About Us

The Shelter for Help in Emergency works to support and empower victims of domestic violence through a combination of residential, community-based and outreach services.

With 16 positions for a staff of 22 full and part-time employees, and the benefit of over 8,000 volunteer hours per year, the Shelter for Help in Emergency provides services to over 2,000 individuals annually.

Mission Statement:  Working to end domestic violence in our community

Philosophy Statement: The Shelter for Help in Emergency is committed to providing a safe, supportive, confidential, and respectful environment in which survivors of domestic violence are empowered with the knowledge of personal and community resources as well as the skills needed to make informed decisions for themselves and their families.


Since 1979, the Shelter for Help in Emergency has been the only agency in Planning District Ten (City of Charlottesville, and counties of Albemarle, Fluvanna, Greene, Louisa and Nelson) dedicated to providing comprehensive services to women and children who are victims of domestic violence.  The program has grown and changed over the years in response to the needs of the community.  It began in 1978 when a group of concerned citizens formed the Task Force on Abused Women offering a hotline to support women needing someone with whom they could talk about their situation. This proved to be inadequate within the first six months as callers were requesting more and more a safe place to escape, if only for one night.  In response, the Task Force began to provide a “safe house” system where individuals in the community offered their homes for an emergency stay.  As the need for more time and safe housing increased, the group approached the City of Charlottesville for support.  The City rented the Task Force a residential facility for $1.00 per year for ten years and the program became known as the Shelter for Help in Emergency.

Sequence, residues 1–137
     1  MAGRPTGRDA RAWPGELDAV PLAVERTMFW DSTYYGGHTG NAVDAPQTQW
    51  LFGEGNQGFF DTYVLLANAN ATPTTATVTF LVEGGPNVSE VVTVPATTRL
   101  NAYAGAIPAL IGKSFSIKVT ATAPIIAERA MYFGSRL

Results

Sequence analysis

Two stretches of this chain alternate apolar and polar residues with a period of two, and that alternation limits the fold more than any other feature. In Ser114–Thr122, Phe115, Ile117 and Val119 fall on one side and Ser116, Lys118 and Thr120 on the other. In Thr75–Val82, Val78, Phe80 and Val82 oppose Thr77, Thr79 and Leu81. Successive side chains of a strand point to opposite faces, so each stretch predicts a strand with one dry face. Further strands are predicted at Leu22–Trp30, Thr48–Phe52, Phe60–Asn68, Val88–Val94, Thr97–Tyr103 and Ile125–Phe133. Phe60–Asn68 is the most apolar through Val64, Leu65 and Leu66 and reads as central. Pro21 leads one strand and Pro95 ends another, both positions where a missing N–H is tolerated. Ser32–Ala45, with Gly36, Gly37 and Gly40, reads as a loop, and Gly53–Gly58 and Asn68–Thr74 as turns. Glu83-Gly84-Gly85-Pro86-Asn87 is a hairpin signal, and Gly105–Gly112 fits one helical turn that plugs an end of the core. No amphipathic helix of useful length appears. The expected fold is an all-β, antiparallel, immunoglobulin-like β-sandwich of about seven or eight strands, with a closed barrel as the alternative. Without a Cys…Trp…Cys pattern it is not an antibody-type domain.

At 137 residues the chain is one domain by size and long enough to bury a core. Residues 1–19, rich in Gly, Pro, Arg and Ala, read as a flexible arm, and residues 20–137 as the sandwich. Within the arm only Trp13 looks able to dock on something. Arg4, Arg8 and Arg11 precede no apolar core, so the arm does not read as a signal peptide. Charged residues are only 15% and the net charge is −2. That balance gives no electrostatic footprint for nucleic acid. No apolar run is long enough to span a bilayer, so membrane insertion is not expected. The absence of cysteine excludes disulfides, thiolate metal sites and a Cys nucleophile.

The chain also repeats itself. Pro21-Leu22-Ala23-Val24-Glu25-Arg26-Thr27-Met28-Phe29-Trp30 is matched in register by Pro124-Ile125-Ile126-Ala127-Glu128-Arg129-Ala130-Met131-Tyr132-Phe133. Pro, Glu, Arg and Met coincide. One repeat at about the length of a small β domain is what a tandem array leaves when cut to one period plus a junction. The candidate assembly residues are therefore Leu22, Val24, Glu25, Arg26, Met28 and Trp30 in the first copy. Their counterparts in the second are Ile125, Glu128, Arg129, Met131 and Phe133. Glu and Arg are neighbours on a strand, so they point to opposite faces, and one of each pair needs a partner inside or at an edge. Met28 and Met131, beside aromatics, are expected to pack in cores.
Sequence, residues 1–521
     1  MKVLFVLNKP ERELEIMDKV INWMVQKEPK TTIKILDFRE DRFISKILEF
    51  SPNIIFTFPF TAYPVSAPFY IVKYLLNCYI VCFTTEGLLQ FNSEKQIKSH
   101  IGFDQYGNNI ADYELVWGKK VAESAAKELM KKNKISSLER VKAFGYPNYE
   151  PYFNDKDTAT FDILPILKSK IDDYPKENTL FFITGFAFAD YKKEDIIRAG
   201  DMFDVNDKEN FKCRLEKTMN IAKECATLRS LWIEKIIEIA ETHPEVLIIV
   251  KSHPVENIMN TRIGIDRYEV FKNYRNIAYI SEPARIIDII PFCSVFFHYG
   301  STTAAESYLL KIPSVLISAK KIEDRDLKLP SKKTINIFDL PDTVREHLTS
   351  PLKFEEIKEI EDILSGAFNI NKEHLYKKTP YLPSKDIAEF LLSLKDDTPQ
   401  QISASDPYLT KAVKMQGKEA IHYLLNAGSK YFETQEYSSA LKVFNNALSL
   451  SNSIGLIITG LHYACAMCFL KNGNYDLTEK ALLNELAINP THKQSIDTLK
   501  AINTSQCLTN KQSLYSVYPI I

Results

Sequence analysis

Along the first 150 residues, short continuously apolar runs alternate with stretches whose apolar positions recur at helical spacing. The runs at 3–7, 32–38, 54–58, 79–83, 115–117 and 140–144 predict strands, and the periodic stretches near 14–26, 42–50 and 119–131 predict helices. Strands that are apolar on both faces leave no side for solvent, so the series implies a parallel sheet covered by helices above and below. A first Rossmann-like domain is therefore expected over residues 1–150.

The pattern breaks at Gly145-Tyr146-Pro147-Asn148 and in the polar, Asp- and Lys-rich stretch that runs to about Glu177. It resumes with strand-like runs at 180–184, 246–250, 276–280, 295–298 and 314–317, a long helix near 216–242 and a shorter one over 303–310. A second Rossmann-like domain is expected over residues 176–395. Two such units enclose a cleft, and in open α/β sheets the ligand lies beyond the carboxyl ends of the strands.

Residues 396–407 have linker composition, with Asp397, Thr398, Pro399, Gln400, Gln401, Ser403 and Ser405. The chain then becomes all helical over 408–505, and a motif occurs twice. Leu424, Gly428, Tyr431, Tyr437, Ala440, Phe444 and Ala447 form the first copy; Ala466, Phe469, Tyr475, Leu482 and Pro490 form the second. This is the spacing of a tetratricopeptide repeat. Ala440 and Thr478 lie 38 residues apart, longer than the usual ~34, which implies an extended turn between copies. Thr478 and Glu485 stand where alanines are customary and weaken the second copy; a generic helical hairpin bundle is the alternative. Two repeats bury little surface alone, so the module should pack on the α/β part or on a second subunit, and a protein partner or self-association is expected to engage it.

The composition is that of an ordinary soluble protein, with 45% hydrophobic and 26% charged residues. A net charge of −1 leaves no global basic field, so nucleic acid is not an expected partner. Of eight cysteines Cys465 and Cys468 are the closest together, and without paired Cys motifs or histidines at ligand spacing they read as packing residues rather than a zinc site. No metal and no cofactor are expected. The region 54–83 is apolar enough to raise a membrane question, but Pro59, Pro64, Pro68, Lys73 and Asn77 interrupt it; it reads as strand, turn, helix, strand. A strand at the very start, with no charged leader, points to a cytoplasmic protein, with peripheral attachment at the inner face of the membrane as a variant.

In 1987, the Shelter purchased it’s own property, re-purposing an old home to house both the residential services and administration of the organization.  The need for residential space grew with clients needing longer stays out of their abusive situation,  and additional outreach services were developed to assist with the growing need in the community for those who were not coming in to stay.   The outreach and administration functions were moved out of the residential facility allowing for both parts of the program to grow and expand.  In the mid-1990’s, the Shelter realized the need for second-stage housing for clients who had difficulty finding housing that was both available and affordable, and in June 2001 we welcomed our first family into our newly developed Transitional Housing Program.  Early in the 2000’s, the organization recognized that we continued to outgrow our facility and that programs could better serve our clients if our building constraints were loosened.  In May 2008, with the leadership of a dedicated Board of Directors and an amazingly generous community of support, the Shelter opened the doors to our new, fully accessible, sustainable Gold LEED certified emergency residence thoughtfully designed from the ground up to meet the needs of all our clients.

Residential Services and Community Services

Today, the Shelter for Help in Emergency provides strong, well-established programs and services that respond to the needs of our whole community.  While some clients need the benefit of services within our safe, confidential residential facility, others are able to access the services they need at our Community Outreach Center or in other community-based sites.  Both residential  and outreach clients are offered a comprehensive range of services including crisis intervention, case management and counseling, legal advocacy and court accompaniment,  programs for children and adolescents,  and outreach to the Spanish-speaking community.  Over the years we have worked to become a resource to the whole community – a place where people can get information about domestic violence and learn ways in which they can get involved.

In the Community

The Shelter’s community education programs include:

  • Training for allied professionals in the mental health, social services, law enforcement, and health care fields.
  • Presentations for civic organizations and faith communities.
  • Activities in observance of Domestic Violence Awareness Month (October) and Teen Dating Violence Awareness Month (February).
  • Prevention and awareness programs for schools and the community.

Collaborations with community partners include:

  • Lethality Assessment Program with local law enforcement to reduce domestic violence-related homicides.
  • Vision 21 focuses on linking children who have experienced trauma with service providers who can assist.
  • Trauma-Informed Community Network coordinates community systems to approach all work from a trauma-informed lens.